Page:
Lentils have a bit of a PR problem in America. They have been banished to the deepest, darkest parts of the pantry while less-deserving ingredients like rice and pasta get all the love. Truth is, few ingredients fuse nutrition, affordability, ease, and taste quite like the humble lentil. This dish, a bistro classic, is a testament to its greatness. While the salmon roasts away in the oven, the lentils are simmered into tender submission. Separately, each makes for fine eating, but together they merge into something truly special.
440 calories, 12 g fat (2 g saturated), 680 mg sodium
1⁄2 Tbsp olive oil
1 medium carrot, peeled and diced
1⁄2 medium yellow onion, diced
2 cloves garlic, minced
1 cup dried lentils
3 cups chicken broth or water
2 bay leaves
2 Tbsp red wine vinegar
Salt and black pepper to taste
4 salmon fillets (4 oz each)
2 Tbsp Dijon mustard
2 Tbsp brown sugar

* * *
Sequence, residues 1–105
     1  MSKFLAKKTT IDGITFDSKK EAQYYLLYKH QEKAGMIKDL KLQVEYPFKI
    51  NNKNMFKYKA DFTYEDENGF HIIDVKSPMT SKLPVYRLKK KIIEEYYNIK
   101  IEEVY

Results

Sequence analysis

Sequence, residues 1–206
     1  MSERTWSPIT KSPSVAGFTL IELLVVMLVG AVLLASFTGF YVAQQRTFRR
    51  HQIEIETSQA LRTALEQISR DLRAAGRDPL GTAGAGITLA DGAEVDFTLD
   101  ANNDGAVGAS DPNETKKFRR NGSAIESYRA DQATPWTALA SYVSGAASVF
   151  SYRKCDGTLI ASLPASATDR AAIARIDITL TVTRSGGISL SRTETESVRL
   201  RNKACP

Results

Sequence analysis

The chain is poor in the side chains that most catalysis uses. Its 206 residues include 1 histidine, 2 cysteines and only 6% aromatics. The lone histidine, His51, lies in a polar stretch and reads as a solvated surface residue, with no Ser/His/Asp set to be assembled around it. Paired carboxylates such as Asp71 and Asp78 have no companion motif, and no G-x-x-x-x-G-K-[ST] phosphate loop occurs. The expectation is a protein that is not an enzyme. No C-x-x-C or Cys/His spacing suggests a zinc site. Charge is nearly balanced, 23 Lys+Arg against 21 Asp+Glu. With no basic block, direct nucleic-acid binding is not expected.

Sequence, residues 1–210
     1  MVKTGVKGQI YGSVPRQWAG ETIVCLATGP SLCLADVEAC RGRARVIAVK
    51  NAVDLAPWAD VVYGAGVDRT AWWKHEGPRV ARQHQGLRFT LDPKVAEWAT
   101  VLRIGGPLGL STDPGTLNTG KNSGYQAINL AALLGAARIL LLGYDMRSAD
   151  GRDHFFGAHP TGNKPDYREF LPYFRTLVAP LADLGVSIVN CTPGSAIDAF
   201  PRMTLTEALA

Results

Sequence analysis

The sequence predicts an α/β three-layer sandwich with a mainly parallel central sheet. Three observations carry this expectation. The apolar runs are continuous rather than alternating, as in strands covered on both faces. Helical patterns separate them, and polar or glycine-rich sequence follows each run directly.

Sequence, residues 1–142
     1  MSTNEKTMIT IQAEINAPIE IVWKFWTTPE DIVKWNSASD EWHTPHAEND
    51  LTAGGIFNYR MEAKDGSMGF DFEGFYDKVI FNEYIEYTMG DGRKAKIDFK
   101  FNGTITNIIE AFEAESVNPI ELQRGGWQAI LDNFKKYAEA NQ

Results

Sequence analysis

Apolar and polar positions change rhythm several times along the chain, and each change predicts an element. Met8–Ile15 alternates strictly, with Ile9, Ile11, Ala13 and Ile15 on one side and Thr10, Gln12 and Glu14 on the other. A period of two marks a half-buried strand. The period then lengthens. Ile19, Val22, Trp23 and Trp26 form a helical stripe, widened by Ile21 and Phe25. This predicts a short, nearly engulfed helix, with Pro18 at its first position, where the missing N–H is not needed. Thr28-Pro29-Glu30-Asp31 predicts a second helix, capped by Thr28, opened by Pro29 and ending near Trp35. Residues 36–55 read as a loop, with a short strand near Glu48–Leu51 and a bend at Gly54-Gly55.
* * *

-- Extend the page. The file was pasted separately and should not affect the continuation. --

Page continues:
How to Make It
- Preheat the oven to 450°F.
- Heat the olive oil in a medium saucepan over medium heat.
- Add the carrot, onion, and garlic and sauté for 5 to 7 minutes, until soft and lightly browned.
- Add the lentils, broth, and bay leaves.
- Simmer for about 20 minutes, until the lentils are tender and the liquid has mostly evaporated.
- Before serving, add the vinegar, season with salt and pepper, and discard the bay leaves.
- While the lentils simmer, roast the salmon: Season the fish with salt and black pepper.
- Combine the mustard and brown sugar in a mixing bowl and spread evenly over the salmon fillets.
- Place the salmon on a baking sheet and place on the top rack of the oven. Roast for 8 to 10 minutes, until the salmon has browned on the surface and flakes with gentle pressure from your finger.
- Divide the lentils among 4 plates or pasta bowls and top each serving with a piece of salmon.
Eat This Tip
Lentils: A Press Release
As we said before, lentils have had some bad PR, but we are here to clear their name! Here are some of the top health benefits of lentils. Helps to reduce cholesterol, a great source of protein (and also vegetarian-friendly), increases energy, and they’re good for heart and digestive health. Now, do you see why our earliest ancestors ate them?
This recipe (and hundreds more!) came from one of our Cook This, Not That! books. For more easy cooking ideas, you can also buy the book!